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Africa and Arab Gulf States: Divergent Development Paths and Prospects for Convergence

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  • Hippolyte Fofack

    () (The World Bank)

Abstract

In spite of the similarities between Sub-Saharan Africa and the Arab Gulf Cooperation Council states, development policies in these two regions of the world have produced markedly divergent outcomes. The remarkable increase in personal income and large current account surpluses in Arab Gulf states contrast with widespread poverty and balance of payments crises in Sub-Saharan Africa. This paper reviews the causes of these divergent development paths and discusses the prospects for economic convergence in the growing trade ties between the two regions. It shows that development models underpinned by institutional continuity and intergenerational accountability could enhance long-run growth in Sub-Saharan Africa and income convergence between the two regions.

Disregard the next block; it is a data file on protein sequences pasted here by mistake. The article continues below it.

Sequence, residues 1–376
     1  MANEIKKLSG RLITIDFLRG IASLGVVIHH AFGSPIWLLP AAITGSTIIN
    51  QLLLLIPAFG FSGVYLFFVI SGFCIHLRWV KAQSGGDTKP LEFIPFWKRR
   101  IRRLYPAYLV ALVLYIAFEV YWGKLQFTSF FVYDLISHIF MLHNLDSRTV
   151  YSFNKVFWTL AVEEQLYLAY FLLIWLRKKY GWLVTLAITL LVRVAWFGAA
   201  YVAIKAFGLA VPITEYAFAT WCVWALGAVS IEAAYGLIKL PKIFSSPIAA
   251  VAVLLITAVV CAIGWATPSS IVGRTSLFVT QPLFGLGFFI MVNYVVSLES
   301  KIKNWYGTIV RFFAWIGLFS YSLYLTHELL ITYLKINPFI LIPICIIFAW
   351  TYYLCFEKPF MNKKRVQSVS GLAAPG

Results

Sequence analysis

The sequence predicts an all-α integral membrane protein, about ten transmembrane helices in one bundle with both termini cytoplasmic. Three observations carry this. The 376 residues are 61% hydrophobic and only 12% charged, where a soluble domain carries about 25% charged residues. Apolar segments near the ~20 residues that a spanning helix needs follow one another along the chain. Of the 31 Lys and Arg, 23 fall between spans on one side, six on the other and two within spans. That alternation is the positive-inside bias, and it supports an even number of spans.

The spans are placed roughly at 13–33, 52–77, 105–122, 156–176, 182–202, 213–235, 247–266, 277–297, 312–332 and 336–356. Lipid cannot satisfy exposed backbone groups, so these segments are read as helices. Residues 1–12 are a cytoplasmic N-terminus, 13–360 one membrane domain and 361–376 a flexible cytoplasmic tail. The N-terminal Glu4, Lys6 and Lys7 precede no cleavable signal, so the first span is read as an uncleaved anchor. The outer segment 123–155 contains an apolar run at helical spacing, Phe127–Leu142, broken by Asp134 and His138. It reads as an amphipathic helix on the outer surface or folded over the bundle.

Suggested Citation

  • Hippolyte Fofack, 2010. "Africa and Arab Gulf States: Divergent Development Paths and Prospects for Convergence," Journal of African Development, African Finance and Economic Association, vol. 12(1), pages 97-130.
  • Handle: RePEc:afe:journl:v:12:y:2010:i:1:p:97-130
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    Cited by:

    1. Akyeampong, Emmanuel & Fofack, Hippolyte, 2012. "The contribution of African women to economic growth and development : historical perspectives and policy implications -- Part I : the pre-colonial and colonial periods," Policy Research Working Paper Series 6051, The World Bank.
    2. Fofack, Hippolyte, 2014. "The idea of economic development: Views from Africa," WIDER Working Paper Series 093, World Institute for Development Economic Research (UNU-WIDER).

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